Peony has faded: what to do next

The lush flowering of this beauty does not last long - only a few weeks. And what to do with the plant after flowering?

This period is very important for the peony. What and how you do in these few months after flowering will determine the quality of your plant's flowering next year. After all, it is at this time that the bush restores strength and prepares for wintering. Moreover, just during this period, renewal buds are laid in it at the base of the stems, from which new shoots will appear in the spring.

Work after peonies bloom can be divided into several stages. Let's start in order.

Stage 1 - cleaning

After flowering, the whole ground around the peonies is covered with their numerous petals. These remnants of beauty must be removed immediately, because they can become breeding grounds for fungal diseases. It is also necessary to remove all dry inflorescences from the plant.

Step 2 - Watering

Peonies need moist soil to develop flower buds. However, many gardeners immediately stop watering after flowering plants. You should not do this, because. the flower in this case will experience stress, which will lead to the formation of weakened buds. Because of this, next year the peony will not be able to please you with lush flowering. Watering is especially important if there is a dry summer. The amount of water should be reduced gradually. If you poured, for example, 25 liters under a flowering bush, then after flowering, begin to reduce this volume. First, reduce the dose to 15 liters, then to 10 liters, etc. until complete cessation.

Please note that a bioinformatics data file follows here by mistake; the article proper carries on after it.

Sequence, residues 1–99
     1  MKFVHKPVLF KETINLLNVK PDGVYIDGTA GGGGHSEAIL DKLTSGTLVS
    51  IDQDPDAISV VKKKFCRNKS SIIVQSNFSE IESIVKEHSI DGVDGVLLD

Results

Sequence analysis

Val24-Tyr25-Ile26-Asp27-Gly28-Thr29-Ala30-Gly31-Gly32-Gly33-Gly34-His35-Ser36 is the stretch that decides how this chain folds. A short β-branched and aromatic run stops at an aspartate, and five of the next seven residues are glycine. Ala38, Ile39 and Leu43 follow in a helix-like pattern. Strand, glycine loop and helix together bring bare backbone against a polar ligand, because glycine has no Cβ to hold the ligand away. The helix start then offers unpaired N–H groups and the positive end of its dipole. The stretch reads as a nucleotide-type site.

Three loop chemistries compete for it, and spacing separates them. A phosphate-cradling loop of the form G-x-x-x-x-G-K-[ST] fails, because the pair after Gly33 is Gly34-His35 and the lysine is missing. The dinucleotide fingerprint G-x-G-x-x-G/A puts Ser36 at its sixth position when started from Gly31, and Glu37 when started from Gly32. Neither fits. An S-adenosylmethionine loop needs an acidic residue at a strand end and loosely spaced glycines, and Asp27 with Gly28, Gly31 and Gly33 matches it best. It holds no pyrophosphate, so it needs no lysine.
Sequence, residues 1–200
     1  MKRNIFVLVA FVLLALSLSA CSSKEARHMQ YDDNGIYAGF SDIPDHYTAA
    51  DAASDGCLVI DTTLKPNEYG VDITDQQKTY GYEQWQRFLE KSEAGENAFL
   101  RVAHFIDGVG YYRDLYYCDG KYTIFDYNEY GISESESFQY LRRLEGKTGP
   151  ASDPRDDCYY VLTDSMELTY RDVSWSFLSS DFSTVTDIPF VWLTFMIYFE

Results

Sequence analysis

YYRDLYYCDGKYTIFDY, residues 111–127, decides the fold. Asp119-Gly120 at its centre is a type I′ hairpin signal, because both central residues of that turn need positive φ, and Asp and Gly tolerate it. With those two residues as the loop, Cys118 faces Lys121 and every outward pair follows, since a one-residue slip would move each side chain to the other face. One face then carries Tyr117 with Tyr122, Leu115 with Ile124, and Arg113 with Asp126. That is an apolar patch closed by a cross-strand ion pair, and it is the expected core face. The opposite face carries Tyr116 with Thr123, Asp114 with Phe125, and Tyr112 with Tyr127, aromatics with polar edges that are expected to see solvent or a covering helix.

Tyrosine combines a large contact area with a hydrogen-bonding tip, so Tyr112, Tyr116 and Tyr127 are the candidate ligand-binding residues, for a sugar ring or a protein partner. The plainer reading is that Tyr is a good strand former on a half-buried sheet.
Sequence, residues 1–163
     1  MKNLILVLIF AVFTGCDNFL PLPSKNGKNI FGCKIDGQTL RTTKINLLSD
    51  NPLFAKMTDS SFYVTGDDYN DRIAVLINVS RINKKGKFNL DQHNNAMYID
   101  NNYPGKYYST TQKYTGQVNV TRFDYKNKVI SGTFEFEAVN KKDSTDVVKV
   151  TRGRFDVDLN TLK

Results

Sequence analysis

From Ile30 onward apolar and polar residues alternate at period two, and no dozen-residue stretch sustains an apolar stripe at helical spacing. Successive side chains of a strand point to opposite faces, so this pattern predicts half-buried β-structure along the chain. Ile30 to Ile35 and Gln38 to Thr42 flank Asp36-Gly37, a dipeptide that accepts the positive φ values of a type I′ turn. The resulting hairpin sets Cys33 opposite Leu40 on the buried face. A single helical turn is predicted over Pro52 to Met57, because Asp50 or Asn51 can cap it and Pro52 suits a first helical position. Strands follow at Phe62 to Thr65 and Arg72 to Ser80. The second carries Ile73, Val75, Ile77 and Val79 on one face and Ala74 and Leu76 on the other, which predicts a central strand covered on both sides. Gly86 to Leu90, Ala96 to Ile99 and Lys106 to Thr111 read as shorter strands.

Stage 3 - loosening the soil

This simple plant care routine should not be neglected. Heavy rain or watering leads to the formation of a crust on the surface of the soil, and this prevents the access of air deep into the soil. In this case, loosening will help. This will also save the peony from unwanted neighbors - weeds.

To make life easier, the soil around the peony can be mulched. Grass cuts, sawdust, and humus are suitable as mulch.

Stage 4 - feeding

Despite its relative unpretentiousness, peony loves top dressing. The plant needs them both in spring, during the period of active growth, and during flowering. But, perhaps, in the period that follows after flowering, he needs them most of all. How to feed peonies after flowering?